3. Detail your anticipated selection schedule.
It’s crucial you include a detailed schedule so vendors know if they can meet your deadlines. You’ll also need to give vendors a window for when they can ask questions regarding your project.
The Request for Proposal timeline is as follows:
Request for RFP: June 1, 20XX
Deadline for Bidders to Submit Questions: July 5, 20XX
[Company Name] Responds to Bidder Questions: July 20, 20XX
Selection of Top Bidders / Notification to Unsuccessful Bidders: July 31, 20XX
Start of Negotiation: August 5, 20XX
Contract Award / Notification to Unsuccessful Bidders: August 31, 20XX
4. Describe the time and place for the submission of proposals.
Similar to paragraph #3, this is important information you’ll want to clearly present, so vendors know how and where to submit themselves for consideration.
The RFP will be posted on our website, Carolinewebsites.com, and can be downloaded from there directly as of 10 a.m. on June 1, 20XX.
Respondents to this RFP must submit one original and five copies of their proposal. Responses must be received no later than July 25, 20XX. Responses should be clearly marked “RFP-MarketingServices” and mailed or delivered to the contact person listed above.
5. Clearly define your timeline.
By including a time frame in your RFP, you’re able to eliminate any vendor who can’t work within your time constraints. If you’re flexible on your time, you can write something like, “Our company hopes to finish the project within six months, but we’re open to negotiation for the right candidate.”
Caroline’s Websites, Inc. needs the project completed within 8 months.
6. Specify the key elements of a proposal.
If you don’t outline clearly and specifically what you expect bidders to include in their proposal, you can’t necessarily fault them if they don’t include it. It’s critical you outline a checklist so vendors know which elements you’re expecting to receive. It’s also a good test for who’s capable of handling your demands — if a vendor can’t complete all elements of your proposal, you probably can’t trust them to finish your project, either.
A submission must, at a minimum, include the following elements:
- Description of the firm that includes a general overview, names and credentials of creative team, number of full-time employees.
- A one-page narrative outlining the firm’s strengths and distinguishing skills or capabilities as they might relate to Caroline’s Websites, Inc.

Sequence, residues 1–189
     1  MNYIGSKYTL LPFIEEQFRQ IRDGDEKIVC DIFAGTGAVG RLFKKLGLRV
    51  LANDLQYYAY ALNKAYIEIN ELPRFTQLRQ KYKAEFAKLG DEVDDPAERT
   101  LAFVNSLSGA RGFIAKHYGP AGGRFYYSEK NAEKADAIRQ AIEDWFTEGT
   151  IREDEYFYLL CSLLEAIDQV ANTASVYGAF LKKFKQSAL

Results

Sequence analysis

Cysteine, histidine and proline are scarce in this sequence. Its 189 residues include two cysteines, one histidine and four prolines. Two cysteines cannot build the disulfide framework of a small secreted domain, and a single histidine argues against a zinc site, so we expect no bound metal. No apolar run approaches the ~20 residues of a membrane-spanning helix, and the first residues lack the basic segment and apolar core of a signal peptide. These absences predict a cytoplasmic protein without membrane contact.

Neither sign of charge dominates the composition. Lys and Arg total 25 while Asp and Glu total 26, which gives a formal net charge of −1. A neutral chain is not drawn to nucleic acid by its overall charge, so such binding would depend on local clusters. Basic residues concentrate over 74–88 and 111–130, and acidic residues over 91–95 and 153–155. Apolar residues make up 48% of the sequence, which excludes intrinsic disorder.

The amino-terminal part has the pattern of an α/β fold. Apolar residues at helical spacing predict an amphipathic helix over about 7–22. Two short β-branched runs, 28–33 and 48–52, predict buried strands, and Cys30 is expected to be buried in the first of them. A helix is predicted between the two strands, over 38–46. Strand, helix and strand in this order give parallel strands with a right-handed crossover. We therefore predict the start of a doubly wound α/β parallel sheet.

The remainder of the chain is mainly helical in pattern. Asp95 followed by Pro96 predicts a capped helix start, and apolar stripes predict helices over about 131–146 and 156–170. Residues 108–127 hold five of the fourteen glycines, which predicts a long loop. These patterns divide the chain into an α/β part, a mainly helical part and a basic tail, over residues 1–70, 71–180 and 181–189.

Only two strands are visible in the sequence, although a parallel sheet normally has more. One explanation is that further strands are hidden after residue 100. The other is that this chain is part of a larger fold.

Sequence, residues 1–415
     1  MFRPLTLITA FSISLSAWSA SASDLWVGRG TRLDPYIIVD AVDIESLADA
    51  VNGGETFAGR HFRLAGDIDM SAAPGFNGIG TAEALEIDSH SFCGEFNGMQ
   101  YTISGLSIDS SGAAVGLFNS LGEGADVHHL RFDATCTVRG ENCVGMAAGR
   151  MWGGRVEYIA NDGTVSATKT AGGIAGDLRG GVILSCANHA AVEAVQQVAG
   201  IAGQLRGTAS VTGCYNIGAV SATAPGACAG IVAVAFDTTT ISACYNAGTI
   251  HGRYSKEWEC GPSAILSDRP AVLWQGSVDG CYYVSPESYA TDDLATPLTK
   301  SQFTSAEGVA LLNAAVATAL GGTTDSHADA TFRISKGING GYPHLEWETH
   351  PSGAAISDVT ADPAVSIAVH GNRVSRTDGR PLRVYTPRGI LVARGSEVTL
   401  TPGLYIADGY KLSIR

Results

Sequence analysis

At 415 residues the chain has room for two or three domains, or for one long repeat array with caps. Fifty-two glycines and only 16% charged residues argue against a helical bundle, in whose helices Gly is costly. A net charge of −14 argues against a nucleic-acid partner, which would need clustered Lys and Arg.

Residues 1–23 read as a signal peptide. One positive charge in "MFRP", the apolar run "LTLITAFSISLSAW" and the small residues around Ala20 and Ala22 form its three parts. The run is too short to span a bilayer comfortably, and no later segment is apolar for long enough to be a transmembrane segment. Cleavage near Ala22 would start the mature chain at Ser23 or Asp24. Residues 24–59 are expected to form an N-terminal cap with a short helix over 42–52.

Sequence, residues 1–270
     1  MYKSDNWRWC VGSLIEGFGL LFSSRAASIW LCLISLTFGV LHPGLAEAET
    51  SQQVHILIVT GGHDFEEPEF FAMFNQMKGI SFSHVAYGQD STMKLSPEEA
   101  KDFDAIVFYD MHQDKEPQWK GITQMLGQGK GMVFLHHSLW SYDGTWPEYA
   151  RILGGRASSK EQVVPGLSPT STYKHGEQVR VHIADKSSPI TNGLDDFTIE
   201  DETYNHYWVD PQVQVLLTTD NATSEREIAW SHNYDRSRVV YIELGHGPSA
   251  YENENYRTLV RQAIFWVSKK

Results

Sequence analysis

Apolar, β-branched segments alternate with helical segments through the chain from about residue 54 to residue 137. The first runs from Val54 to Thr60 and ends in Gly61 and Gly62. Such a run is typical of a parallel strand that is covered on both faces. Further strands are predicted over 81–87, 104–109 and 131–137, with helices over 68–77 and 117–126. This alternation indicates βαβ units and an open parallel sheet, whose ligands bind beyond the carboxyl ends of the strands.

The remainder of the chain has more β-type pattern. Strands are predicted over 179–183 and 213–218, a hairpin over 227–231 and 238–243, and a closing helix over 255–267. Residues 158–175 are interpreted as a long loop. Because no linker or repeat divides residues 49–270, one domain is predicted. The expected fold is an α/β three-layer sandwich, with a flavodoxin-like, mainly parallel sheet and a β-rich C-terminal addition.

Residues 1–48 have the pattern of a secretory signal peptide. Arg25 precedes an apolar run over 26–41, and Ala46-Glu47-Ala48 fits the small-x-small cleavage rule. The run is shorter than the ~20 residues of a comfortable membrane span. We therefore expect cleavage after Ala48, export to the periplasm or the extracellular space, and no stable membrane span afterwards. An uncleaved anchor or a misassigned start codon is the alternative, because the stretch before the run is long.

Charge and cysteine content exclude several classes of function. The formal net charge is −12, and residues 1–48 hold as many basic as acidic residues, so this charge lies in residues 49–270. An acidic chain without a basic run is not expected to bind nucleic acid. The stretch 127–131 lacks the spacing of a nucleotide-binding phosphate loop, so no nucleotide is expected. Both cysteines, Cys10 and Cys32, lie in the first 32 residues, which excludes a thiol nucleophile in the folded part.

- A representative selection of social media ads, direct response material, collateral, and website development created for current and past clients.
7. Make your evaluation criteria clear.
Outlining your expectations will help eliminate vendors who don’t meet them. For this section, you’ll want to do some brainstorming with your team to come up with a mandatory list of items you feel are the best indicators of impressive candidates. Your list could include samples of past work, a proven success record with companies in similar industries, the expertise and technical skills to meet your demands, and a cost of services within your price range.
The successful respondent will have:
- Experience working as a marketing agency for a minimum of 24 months and possess full-service, in-house capabilities for marketing, creative services, production, media planning and placement, direct response, and research.
- The education, experience, knowledge, skills, and qualifications of the firm and the individuals who will be available to provide these services.
- The competitive cost of services.
- The expertise of the firm in working with similar customers.
8. Describe any possible roadblocks.
Here, you’ll want to outline any roadblocks, such as limited resources or a custom website, that might prevent certain vendors from successfully completing the project. This allows you to eliminate unsatisfactory bidders, and it will also help you determine which vendors have the skills and expertise to tackle those challenges.
At this time, Caroline’s Websites, Inc. currently has custom coding on our website, of which bidders should be aware.
9. State your budget for the project.
Any vendor needs to know how much you’re able to pay them for their services before they’ll move forward with their bid.
Caroline’s Websites, Inc.’s budget for the project is $8,750.00.
These elements were written in a way to clarify the scope of the project that Caroline’s Websites, Inc. wants completed so that suppliers know whether or not to make a bid. Defining the project allows the bidder to determine if they’re a good fit and how much they’d likely charge. Being as transparent as possible serves to benefit (and even protect) both parties in the long run.
Tips for Writing an RFP